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St John's College W.114

The Psalms in English by Ernest Hampden-Cook, c. 1921-31

 

'The Psalms for the People. An idiomatic & slightly paraphrastic translation into everyday English mainly from the Massoretic Hebrew text. By Ernest Hampden-Cook, BA London; MA Cambridge; formerly exhibitioner for Hebrew, St John's College Cambridge & Hebrew prizeman, Owens College Manchester; editor and part reviser of Dr R.F. Weymouth's 'New Testament in Modern Speech'.'

Born in 1860, the son of a London oil merchant, Hampden-Cook was educated at Mill Hill School, Hackney, and trained for the Congregationalist ministry at the Lancashire Independent College. Admitted as a sizar to St John's College in 1882, he graduated BA in 1885 with a third class in the Theological Tripos and subsequently served as a minister in New Zealand (1887-9) and New South Wales (1889-90). Returning to England in 1890, Hampden-Cook acted as Resident Secretary to Mill Hill School until 1896. He subsequently served as pastor at Dolgelly (1897-1900), Sandbach (1900-12), Jarvis Brook (1912-14), Salford (1914-16), and Barton-on-Humber (1916-18). In 1906 he carried out a revision of Weymouth's New Testament in Modern Speech. He died unmarried at Cambridge in 1932, aged seventy-two. A note in The Eagle 47 (1934), 247 reads: 'From the first he had become deeply interested in the attempt to make the Bible more familiar to English-speaking people ... His knowledge of Hebrew led him in later years to undertake translations into the vernacular of parts of the Old Testament. These have been left in MS form, and ought to be preserved.'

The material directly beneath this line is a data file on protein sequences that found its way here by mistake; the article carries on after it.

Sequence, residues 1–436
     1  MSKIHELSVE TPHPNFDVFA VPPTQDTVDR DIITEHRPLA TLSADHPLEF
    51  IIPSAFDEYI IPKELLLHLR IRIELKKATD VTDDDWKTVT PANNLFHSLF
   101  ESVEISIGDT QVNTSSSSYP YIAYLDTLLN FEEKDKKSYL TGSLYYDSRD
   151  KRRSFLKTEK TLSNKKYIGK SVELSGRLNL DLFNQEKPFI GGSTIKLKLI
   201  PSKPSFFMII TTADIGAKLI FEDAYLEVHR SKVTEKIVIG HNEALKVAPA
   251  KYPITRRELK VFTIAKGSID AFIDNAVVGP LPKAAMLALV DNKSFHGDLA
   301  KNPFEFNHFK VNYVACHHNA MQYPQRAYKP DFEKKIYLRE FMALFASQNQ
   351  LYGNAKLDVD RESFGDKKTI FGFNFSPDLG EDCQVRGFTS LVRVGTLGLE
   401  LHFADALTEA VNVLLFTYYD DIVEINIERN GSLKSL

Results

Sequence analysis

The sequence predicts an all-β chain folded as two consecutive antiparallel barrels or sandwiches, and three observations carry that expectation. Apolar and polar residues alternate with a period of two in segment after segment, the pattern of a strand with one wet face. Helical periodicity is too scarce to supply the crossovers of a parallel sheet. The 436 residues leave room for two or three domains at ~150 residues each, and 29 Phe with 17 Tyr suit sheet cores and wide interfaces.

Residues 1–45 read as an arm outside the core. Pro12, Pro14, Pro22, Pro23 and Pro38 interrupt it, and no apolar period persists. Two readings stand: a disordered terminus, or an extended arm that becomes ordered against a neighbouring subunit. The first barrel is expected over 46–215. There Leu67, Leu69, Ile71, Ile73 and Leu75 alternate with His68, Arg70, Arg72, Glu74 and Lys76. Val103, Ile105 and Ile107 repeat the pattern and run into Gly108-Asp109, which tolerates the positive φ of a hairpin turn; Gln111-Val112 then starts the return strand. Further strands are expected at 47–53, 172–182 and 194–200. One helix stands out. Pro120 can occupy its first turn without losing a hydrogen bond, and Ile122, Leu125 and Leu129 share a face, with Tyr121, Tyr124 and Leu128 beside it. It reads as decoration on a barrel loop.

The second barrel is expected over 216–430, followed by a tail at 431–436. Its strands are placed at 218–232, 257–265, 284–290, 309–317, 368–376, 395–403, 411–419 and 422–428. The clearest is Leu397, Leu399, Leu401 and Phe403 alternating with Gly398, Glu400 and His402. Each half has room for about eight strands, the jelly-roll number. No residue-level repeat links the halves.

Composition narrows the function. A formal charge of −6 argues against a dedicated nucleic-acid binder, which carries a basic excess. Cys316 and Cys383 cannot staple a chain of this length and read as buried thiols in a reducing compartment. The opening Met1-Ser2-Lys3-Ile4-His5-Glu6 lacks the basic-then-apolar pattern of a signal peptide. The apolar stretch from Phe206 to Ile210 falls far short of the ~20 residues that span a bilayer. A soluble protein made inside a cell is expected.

Supplementary information 

220 x 145mm. 256 pages + blanks. Ruled, hardback notebook. Written in a single neat hand throughout in blue ink, with headings and marginal annotations in red ink. The text contains several additions and corrections, in pen and pencil. Two dates appear in pencil at the end of the text, 15.8.21 and 17.7.31. These presumably refer to revisions. Three loose pages tucked into the volume contain notes by Hampden-Cook detailing conventions followed in his translation and acknowledging the assistance of various individuals.

Pencil notes on the front flyleaf read 'E. Hampden-Cook, 34 Harvey Goodwin Avenue, Cambridge' and 'The property of Florence Mary Hughes, Tudor House, Barnet'. College bookplate on flyleaf. Given by Florence Mary Hughes in 1933 (book label inside front cover).

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